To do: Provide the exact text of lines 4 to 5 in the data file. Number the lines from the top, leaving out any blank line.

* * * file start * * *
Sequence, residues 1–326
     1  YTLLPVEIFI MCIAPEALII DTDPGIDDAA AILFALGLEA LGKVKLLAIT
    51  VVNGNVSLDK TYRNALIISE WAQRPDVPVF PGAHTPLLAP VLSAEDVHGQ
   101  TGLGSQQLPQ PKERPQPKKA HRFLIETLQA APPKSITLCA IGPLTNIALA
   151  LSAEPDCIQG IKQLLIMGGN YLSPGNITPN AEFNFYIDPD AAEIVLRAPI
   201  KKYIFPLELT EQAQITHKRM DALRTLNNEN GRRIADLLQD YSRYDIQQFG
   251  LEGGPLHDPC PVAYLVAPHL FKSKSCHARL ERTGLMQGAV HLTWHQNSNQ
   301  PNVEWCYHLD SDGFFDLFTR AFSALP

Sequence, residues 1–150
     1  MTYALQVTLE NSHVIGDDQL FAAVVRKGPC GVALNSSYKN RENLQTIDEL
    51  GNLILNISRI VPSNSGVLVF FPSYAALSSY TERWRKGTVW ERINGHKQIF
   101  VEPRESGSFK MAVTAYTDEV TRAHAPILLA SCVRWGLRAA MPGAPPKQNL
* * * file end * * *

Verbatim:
   101  TGLGSQQLPQ PKERPQPKKA HRFLIETLQA APPKSITLCA IGPLTNIALA
   151  LSAEPDCIQG IKQLLIMGGN YLSPGNITPN AEFNFYIDPD AAEIVLRAPI